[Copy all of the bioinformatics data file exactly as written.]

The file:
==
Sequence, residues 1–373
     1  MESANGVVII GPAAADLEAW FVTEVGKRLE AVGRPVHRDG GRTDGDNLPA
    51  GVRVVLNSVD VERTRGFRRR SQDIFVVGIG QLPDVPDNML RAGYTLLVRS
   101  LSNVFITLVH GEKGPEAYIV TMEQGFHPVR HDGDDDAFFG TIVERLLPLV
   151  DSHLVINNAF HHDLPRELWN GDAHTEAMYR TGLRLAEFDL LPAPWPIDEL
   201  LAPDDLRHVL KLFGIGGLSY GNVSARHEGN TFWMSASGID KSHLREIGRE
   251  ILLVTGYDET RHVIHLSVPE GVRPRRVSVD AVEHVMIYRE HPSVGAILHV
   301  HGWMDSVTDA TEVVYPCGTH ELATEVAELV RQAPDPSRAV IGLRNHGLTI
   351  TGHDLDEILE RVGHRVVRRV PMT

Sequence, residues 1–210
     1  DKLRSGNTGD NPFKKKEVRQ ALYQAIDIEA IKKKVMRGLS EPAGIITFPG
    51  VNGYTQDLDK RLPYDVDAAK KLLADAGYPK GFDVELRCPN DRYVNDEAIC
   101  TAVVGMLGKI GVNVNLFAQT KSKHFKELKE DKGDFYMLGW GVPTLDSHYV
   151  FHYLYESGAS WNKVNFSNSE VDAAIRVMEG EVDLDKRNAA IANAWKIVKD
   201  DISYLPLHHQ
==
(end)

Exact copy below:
Sequence, residues 1–373
     1  MESANGVVII GPAAADLEAW FVTEVGKRLE AVGRPVHRDG GRTDGDNLPA
    51  GVRVVLNSVD VERTRGFRRR SQDIFVVGIG QLPDVPDNML RAGYTLLVRS
   101  LSNVFITLVH GEKGPEAYIV TMEQGFHPVR HDGDDDAFFG TIVERLLPLV
   151  DSHLVINNAF HHDLPRELWN GDAHTEAMYR TGLRLAEFDL LPAPWPIDEL
   201  LAPDDLRHVL KLFGIGGLSY GNVSARHEGN TFWMSASGID KSHLREIGRE
   251  ILLVTGYDET RHVIHLSVPE GVRPRRVSVD AVEHVMIYRE HPSVGAILHV
   301  HGWMDSVTDA TEVVYPCGTH ELATEVAELV RQAPDPSRAV IGLRNHGLTI
   351  TGHDLDEILE RVGHRVVRRV PMT

Sequence, residues 1–210
     1  DKLRSGNTGD NPFKKKEVRQ ALYQAIDIEA IKKKVMRGLS EPAGIITFPG
    51  VNGYTQDLDK RLPYDVDAAK KLLADAGYPK GFDVELRCPN DRYVNDEAIC
   101  TAVVGMLGKI GVNVNLFAQT KSKHFKELKE DKGDFYMLGW GVPTLDSHYV
   151  FHYLYESGAS WNKVNFSNSE VDAAIRVMEG EVDLDKRNAA IANAWKIVKD
   201  DISYLPLHHQ